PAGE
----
Sunday, February 1, 2015

The Trajectory

trajectory |trəˈjektərē|
noun (pl. trajectories)
1 the path followed by a projectile flying or an object moving under the action of given forces

As we enter into our fifth month living here in Kibuye, much of what was unique and sometimes shocking to me at first has now become very ordinary.  I suppose this would be true of almost any job.  For example, I have become used to being asked to perform an echocardiogram on a 1 week old (I still have no idea what I am doing, but at least I am now no longer surprised when I get the request).  I have become very used to the fact that I am working at a hospital with no running water (although there is a large water tank being installed just up the hill from the hospital which should resolve this problem soon).  But what is still exciting to me is the trajectory that this hospital is on.  The long term team of missionaries arrived here at the end of 2013, and the amount of change that has occured since then is astounding.  No matter where you walk around campus you will see evidence of recent change, from state of the art ultrasound machines in the E.R. to a new dormitory for the medical students, and so much more.  

Recently, when the team from Samaritan’s Purse was visiting, Jason gave a presentation explaining the 20 year plan for Kibuye.  This was the first time I had seen this plan, and it is a site to behold.  There was a team from Engineering Ministries International, who visited Kibuye even before the missionaries arrived and drew up plans for a new hospital with a new ER, eye unit, ICU, patient wards, 6 O.R.s and much much more.  There are also plans to build a large conference center in hopes that this will become a meeting site for international medical conferences.  And when I look around, even 1 year into the plan, I see so much of it has already started to happen.  What I also appreciate is that the 20 year plan revolves around empowering and equipping the local Burundians to affect this change.  It is not Americans who are out there day after day laying bricks and digging trenches, it is Burundians, hundreds of them.  And while there is still a notable presence of “muzungus” walking about the hospital each day, the goal is to teach and train Burundians to do this same work, thus making ourselves obsolete.  This will take time.  As Carlan told me, “this is not a sprint, it is a marathon”.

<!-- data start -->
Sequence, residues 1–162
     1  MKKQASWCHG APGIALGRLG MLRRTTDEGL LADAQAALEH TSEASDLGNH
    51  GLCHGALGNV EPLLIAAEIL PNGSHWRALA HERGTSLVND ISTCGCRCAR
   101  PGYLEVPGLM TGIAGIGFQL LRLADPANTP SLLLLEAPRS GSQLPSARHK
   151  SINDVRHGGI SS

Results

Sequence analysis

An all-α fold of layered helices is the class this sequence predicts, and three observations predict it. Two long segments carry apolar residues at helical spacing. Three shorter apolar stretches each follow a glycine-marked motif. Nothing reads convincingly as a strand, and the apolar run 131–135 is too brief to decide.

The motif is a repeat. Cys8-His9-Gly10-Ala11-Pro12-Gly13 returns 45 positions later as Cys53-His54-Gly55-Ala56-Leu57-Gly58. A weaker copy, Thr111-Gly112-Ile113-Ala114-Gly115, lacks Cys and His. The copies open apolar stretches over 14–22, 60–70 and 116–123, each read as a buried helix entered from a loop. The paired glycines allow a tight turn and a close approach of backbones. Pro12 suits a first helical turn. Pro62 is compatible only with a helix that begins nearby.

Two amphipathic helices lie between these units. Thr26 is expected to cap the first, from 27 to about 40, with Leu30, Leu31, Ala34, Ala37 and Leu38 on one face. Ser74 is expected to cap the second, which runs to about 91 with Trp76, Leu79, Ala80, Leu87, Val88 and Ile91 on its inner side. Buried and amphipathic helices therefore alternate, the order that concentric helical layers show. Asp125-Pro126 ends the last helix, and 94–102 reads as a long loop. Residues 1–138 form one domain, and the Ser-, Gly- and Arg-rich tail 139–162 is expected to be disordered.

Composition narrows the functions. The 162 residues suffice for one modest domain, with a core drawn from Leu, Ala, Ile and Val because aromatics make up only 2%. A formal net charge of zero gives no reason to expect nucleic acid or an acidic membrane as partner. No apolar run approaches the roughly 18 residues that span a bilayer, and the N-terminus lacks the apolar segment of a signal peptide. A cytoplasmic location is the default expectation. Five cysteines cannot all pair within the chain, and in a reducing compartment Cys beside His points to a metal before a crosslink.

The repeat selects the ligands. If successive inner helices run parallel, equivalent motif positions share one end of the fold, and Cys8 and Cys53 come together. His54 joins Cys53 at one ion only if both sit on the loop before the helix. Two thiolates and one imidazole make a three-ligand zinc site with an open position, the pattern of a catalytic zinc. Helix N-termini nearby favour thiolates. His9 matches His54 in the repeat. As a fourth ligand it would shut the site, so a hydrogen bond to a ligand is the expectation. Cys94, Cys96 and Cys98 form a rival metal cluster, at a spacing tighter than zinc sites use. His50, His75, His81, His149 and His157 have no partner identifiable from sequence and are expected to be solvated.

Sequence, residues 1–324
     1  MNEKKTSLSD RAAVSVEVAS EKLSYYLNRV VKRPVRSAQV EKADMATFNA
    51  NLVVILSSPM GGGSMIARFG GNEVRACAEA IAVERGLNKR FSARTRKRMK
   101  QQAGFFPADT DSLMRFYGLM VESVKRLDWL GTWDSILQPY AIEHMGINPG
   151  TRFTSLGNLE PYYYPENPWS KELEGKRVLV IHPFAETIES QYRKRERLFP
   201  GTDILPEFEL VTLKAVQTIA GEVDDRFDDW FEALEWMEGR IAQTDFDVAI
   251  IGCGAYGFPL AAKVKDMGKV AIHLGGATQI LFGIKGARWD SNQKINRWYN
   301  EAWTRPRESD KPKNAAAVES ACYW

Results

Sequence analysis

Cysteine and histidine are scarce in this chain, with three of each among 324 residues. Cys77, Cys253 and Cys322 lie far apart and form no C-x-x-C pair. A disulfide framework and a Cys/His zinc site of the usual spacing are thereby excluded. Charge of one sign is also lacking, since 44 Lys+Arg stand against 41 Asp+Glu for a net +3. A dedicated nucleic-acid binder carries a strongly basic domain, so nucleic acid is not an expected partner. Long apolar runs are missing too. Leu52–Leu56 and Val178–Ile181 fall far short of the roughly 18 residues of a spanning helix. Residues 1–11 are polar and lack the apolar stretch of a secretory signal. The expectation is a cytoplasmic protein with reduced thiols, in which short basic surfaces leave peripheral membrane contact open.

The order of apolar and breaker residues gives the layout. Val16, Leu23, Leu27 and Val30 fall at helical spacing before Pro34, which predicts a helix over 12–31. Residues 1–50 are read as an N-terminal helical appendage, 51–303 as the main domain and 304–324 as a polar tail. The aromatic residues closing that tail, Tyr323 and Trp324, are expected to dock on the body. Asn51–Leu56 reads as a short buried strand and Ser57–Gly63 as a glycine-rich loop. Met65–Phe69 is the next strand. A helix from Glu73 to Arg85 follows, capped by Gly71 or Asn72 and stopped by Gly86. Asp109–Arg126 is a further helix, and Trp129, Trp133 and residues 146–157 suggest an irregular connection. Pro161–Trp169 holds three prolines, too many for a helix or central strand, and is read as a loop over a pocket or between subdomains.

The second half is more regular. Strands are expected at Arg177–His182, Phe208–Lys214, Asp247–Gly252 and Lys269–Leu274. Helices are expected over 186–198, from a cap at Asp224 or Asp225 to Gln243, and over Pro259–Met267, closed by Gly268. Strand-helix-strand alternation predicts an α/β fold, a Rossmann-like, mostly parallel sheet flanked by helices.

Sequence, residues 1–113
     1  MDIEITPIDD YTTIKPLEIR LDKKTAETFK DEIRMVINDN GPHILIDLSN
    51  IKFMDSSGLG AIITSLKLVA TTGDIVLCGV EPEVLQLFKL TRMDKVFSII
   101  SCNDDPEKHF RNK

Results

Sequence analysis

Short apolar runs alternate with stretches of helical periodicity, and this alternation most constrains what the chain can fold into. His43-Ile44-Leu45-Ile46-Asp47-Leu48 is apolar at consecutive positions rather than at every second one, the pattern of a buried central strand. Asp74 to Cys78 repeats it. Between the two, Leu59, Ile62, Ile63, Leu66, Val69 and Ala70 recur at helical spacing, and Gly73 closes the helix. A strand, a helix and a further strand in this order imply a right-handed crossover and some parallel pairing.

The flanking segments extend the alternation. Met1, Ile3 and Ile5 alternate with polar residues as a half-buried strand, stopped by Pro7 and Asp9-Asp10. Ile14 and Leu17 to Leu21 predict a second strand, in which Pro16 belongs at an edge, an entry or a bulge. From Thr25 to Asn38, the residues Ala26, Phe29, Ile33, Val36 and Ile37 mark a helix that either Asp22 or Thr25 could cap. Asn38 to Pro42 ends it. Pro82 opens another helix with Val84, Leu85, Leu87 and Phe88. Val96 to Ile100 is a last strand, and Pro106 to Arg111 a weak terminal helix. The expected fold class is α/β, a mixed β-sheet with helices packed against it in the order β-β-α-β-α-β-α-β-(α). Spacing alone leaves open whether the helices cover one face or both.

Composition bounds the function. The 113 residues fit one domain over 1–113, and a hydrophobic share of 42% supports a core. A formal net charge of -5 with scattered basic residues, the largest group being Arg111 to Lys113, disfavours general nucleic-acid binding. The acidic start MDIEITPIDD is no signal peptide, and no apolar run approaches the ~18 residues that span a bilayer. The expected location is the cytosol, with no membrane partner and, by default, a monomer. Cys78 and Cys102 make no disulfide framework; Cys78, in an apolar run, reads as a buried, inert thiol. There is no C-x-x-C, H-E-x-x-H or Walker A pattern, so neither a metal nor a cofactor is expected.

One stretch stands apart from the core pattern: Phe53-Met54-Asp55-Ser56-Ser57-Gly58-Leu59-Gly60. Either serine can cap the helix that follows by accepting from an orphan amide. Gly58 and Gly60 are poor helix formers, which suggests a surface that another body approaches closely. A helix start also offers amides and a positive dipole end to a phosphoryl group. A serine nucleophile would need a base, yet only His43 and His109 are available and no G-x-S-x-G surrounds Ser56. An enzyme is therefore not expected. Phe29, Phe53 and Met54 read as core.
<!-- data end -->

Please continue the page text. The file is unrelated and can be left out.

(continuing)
In 2010, I got to visit Tenwek hospital in Kenya for 3 weeks (it was there that I met the Mcropders).  Tenwek is a rural mission hospital, which was served for years by a singe missionary surgeon, I believe starting in the 1960s.  Today, Tenwek is described as the “Mayo clinic of Africa”.  And this transformation took place because over the years there was a dedicated group of Christian men and women who committed their lives to serving, caring for, and empowering a people group in need of better health care.  I am so excited to get to be here now, at the place where Tenwek was 40 years ago, and to have this vision of what Kibuye will one day become, because of the love of a small group of men and women who have laid down the riches and comforts of American life, to love a people in need.  And they do this in response to the love of a Savior, who laid down the riches and comforts of heaven to love and to serve them.

Finished:  The new medical student dormitory

Just beginning: new housing for the Burundian national docs, being built adjacent to the missionary housing

Almost finished: a new morning report building (also where the med student lectures will take place)

The physicians who serve Kibuye (minus Alyssa who is in the U.S. and one more national doc)